Welcome to my wargaming blog,
I'm Dave and live in Morpeth, Northumberland in the UK.
This may or may not be a regular thing, we'll just have to see how it goes.

I am a painter/collector of figures first and a wargamer second. My thrill in this great hobby of ours is to place that final well researched & painted unit into the cabinet. The actual gaming with the figures is an important but secondary experience, we all like to win, but it isn't the be all and end all of it, being with good friends and having fun is.
Hope you will enjoy reading this blog as much as I will writing in it.
Just to remind the visitor to scroll down the various pages and click on 'older posts' to see more.

Friday, 25 May 2018

Bits and bobs

As you can see from the above I've just got back from visiting my son in the US so I have only just got round to photographing these few things and getting them on the blog.

Firstly some 28mm casualty figures mounted on bases with a numbered disk fitted underneath, and excellent design by Chris, one of the lads at the club:

Six Prussian Jagers, plastic Perry's which truthfully I don't like but they will do a job:

Finally Prussian, Foundry French revolutionary individual leader figures for use with Sharps Practice:

There are more casualty figures to do as I want ones for every nationality but I've run out of bases as Chris isn't to well. If your reading this then get well soon mate.

Tuesday, 17 April 2018

madame la guillotine

Well, here we go. This dear reader is not actually the start of a new project but is, as regular (if there are any) observers of this modest blog will know a refurbishment of one of my first wargame passions, the French Revolution.
The collection was first begun about twenty years ago, long before Eureka brought out their very comprehensive range, so it was mainly Old Glory bicorn French with rather shorter coat tails and hair than I would have wished but beggars can't be choosers as they say. No don't get me wrong, I'm not chucking out the baby with the bathwater so the French aren't going to be changed completely but her are a few things that are, eventually going to take place.

1.) The Vendee infantry will be grouped into units of ten each so that they can be used for Sharp Practice as well as other rules so a bit of re-basing.
2). French standard bearers will have their 1795 flags carefully removed to be replaced with small hollow tubing allowing earlier and later period flags to be slid in according to which period of the revolution is being depicted.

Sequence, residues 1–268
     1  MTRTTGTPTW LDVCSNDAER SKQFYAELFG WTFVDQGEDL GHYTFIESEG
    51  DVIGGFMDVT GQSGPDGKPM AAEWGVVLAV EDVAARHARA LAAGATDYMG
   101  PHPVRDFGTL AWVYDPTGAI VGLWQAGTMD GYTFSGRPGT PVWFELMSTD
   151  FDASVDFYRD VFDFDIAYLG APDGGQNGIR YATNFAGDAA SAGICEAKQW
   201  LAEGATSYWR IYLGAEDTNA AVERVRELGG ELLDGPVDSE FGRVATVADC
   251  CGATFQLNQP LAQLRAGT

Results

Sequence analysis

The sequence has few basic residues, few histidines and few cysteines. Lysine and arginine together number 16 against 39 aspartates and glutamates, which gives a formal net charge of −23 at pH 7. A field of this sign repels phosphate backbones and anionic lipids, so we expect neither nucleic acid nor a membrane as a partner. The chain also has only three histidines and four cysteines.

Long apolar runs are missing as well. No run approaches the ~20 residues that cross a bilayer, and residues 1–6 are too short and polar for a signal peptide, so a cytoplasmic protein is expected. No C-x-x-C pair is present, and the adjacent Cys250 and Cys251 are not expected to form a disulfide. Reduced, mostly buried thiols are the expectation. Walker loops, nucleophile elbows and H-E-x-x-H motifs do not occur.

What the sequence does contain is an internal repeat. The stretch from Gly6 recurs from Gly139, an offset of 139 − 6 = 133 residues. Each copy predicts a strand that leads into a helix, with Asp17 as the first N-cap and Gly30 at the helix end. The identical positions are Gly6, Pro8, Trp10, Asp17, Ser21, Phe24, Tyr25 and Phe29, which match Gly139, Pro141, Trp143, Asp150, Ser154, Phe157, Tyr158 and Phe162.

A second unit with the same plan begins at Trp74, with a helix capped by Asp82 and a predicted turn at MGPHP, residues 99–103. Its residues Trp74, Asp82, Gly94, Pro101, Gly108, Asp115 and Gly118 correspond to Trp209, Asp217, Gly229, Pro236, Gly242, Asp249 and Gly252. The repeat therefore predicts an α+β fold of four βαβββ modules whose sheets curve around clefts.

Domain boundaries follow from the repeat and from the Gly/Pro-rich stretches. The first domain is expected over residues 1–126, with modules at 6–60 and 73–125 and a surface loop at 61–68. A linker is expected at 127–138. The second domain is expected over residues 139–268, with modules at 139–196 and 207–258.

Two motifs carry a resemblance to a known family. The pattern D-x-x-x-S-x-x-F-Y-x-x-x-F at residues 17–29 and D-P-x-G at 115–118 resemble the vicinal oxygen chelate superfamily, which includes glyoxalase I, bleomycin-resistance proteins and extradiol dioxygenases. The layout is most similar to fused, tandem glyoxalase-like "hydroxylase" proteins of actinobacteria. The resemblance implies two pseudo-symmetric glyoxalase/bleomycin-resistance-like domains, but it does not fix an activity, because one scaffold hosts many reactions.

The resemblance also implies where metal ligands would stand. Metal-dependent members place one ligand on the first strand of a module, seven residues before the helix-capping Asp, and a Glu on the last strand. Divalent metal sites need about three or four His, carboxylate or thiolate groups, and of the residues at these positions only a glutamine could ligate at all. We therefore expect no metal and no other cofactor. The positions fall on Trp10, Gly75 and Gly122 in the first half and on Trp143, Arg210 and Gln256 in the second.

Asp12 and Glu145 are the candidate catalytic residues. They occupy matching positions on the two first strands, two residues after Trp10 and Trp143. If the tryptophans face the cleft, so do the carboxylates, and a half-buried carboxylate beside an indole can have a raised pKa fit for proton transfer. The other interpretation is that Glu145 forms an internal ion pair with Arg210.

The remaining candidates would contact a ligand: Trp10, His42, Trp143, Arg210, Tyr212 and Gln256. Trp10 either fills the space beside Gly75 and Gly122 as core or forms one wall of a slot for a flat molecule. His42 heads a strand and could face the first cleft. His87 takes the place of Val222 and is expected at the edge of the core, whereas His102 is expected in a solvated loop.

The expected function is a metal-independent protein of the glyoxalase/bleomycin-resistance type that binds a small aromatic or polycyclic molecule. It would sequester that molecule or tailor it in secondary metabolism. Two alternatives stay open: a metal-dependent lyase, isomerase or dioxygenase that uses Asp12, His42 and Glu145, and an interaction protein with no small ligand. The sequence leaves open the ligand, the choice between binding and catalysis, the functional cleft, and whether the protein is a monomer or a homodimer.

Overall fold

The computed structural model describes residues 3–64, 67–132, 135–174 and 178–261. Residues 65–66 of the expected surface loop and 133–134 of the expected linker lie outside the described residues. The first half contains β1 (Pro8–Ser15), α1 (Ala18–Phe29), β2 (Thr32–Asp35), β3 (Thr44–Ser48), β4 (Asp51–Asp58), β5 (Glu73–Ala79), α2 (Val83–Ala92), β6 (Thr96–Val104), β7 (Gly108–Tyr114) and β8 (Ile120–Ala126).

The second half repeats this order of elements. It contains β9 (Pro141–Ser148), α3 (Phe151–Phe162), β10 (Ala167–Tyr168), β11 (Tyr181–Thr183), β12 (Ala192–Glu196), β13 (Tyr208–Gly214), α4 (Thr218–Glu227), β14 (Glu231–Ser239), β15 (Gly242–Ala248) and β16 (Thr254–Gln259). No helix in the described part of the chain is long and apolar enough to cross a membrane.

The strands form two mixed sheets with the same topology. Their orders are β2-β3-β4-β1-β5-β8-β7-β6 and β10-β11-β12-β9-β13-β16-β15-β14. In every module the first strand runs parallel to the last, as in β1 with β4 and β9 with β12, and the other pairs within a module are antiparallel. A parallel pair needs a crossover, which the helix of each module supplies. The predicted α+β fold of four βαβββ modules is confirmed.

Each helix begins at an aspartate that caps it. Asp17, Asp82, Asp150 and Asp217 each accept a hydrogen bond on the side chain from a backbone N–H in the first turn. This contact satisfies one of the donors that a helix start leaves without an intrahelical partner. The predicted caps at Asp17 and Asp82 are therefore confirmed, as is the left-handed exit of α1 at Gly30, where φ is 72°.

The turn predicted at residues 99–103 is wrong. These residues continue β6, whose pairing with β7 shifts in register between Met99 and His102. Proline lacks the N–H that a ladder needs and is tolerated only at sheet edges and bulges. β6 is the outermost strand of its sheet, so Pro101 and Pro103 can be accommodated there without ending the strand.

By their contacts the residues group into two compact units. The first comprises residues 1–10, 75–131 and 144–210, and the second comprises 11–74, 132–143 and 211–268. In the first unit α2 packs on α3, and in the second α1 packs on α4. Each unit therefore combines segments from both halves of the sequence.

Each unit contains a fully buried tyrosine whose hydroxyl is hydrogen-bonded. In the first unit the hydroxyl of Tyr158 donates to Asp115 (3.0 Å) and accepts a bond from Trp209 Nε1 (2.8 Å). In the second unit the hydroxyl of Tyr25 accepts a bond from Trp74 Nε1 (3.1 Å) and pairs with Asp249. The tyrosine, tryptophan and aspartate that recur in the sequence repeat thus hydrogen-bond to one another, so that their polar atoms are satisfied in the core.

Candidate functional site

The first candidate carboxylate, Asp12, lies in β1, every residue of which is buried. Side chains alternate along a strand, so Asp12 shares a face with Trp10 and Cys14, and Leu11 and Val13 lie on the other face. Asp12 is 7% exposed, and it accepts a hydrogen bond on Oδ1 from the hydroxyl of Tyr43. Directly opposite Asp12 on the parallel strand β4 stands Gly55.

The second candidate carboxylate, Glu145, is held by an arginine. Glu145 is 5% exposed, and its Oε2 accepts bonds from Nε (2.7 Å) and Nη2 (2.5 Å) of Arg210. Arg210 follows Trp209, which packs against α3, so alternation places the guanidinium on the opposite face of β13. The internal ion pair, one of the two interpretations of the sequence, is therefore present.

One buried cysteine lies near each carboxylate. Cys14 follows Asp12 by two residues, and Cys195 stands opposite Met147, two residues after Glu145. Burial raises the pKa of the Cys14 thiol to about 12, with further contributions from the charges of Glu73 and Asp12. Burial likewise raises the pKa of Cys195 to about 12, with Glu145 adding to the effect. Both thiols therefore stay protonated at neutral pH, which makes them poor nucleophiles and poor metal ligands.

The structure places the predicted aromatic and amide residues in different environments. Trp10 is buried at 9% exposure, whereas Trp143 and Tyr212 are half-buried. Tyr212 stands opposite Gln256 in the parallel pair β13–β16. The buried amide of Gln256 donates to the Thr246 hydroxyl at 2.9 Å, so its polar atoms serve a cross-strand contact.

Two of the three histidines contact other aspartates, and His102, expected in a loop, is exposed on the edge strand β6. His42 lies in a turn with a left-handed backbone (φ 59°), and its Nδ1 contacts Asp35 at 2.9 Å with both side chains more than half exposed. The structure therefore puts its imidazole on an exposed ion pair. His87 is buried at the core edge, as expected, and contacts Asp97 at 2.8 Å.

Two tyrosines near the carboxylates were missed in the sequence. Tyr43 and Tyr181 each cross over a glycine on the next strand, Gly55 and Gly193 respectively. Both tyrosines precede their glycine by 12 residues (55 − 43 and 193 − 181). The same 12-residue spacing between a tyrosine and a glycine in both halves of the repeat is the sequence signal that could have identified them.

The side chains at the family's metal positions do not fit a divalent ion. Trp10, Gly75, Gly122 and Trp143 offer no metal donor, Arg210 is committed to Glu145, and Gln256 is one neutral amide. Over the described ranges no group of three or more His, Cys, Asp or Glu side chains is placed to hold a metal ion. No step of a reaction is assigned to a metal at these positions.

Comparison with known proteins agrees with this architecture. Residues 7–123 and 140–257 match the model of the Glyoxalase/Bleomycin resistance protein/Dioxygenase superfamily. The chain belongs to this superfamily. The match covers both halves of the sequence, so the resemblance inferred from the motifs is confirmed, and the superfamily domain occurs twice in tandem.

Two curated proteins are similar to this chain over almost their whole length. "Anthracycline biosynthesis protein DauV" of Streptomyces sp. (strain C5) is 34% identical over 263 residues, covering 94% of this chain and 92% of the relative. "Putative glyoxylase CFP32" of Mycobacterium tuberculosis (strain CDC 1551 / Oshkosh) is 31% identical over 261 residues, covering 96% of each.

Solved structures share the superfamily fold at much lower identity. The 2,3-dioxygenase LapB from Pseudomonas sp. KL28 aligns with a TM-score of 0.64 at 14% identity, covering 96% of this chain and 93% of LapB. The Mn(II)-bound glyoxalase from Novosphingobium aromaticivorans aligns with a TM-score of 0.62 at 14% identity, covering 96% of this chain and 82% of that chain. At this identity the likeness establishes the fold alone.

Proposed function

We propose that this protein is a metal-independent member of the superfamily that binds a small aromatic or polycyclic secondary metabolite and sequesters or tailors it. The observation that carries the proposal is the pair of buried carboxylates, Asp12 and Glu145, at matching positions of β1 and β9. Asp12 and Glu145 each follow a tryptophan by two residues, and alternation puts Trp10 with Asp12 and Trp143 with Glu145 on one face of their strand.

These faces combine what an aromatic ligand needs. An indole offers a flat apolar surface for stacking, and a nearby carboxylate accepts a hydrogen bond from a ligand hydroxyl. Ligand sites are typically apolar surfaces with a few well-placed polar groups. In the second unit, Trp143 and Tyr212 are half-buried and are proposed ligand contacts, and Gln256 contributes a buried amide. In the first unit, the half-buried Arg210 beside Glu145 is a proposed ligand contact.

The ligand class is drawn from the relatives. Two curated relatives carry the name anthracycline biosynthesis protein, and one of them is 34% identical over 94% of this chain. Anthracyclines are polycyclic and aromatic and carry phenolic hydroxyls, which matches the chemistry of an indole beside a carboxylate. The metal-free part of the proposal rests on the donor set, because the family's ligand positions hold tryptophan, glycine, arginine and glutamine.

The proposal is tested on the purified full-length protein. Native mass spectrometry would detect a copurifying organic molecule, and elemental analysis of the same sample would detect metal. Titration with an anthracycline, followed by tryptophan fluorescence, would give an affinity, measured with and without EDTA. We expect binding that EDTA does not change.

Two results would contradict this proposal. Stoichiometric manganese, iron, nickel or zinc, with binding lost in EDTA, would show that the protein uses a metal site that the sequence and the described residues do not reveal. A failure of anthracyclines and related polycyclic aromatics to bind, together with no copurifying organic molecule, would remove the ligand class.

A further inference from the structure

3). To that same end voltigures for the line battalions early empire green coated lights for early rev and side plumed shako light infantry for the consular period to be added.
4). Two regiments of horse by Elite figures will be replaced with Eureka figures. Elite are great but just too big at 30mm, you can get away with the infantry but not cavalry, they look huge, so the Elite will be sold once the replacements are done.
5). The Austrian artillery need proper guns, the ones there are make do and look crap, while their limber drivers need their uniforms darkened to gray instead of white with the turn ups on their hats shaved off and the brims rounded off with green stuff. As they stand they represent 1805 onwards.
6). The Consular onwards French limber drivers need to come off their horses so that I can paint up civilian drivers for the rev period and use both. Now this wont be easy as I use Epoxy steel glue, the sort you mix two different tubes together to get a strong fix so any suggestions would be welcome. I don't want to damage either the limbers or riders, so good luck with that Dave!
7). Other than that just add to the various infantry of both sides so that larger forces are available.
Not much to do then but one must start somewhere so for a bit of inspiration I dug out an old Foundry guillotine set that had been lying around, the cotton used for rope is a bit thin and I may try toughening it up by painting it with PVA, we'll see: